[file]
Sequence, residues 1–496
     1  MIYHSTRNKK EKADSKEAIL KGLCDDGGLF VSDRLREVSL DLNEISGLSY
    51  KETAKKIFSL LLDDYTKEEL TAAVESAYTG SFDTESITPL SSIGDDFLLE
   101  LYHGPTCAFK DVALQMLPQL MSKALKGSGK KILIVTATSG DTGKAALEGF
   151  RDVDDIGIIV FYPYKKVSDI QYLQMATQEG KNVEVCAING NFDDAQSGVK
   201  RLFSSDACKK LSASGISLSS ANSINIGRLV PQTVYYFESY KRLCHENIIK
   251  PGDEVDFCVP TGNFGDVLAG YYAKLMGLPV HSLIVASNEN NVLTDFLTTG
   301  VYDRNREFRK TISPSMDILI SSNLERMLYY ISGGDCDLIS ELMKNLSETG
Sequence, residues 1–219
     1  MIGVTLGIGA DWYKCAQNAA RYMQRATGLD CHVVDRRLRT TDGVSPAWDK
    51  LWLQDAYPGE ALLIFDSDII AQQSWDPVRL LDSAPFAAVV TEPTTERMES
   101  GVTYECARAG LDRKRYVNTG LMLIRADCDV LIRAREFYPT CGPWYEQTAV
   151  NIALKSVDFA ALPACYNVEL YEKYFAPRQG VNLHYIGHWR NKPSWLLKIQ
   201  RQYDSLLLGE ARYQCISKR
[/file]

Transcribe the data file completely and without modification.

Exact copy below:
Sequence, residues 1–496
     1  MIYHSTRNKK EKADSKEAIL KGLCDDGGLF VSDRLREVSL DLNEISGLSY
    51  KETAKKIFSL LLDDYTKEEL TAAVESAYTG SFDTESITPL SSIGDDFLLE
   101  LYHGPTCAFK DVALQMLPQL MSKALKGSGK KILIVTATSG DTGKAALEGF
   151  RDVDDIGIIV FYPYKKVSDI QYLQMATQEG KNVEVCAING NFDDAQSGVK
   201  RLFSSDACKK LSASGISLSS ANSINIGRLV PQTVYYFESY KRLCHENIIK
   251  PGDEVDFCVP TGNFGDVLAG YYAKLMGLPV HSLIVASNEN NVLTDFLTTG
   301  VYDRNREFRK TISPSMDILI SSNLERMLYY ISGGDCDLIS ELMKNLSETG
Sequence, residues 1–219
     1  MIGVTLGIGA DWYKCAQNAA RYMQRATGLD CHVVDRRLRT TDGVSPAWDK
    51  LWLQDAYPGE ALLIFDSDII AQQSWDPVRL LDSAPFAAVV TEPTTERMES
   101  GVTYECARAG LDRKRYVNTG LMLIRADCDV LIRAREFYPT CGPWYEQTAV
   151  NIALKSVDFA ALPACYNVEL YEKYFAPRQG VNLHYIGHWR NKPSWLLKIQ
   201  RQYDSLLLGE ARYQCISKR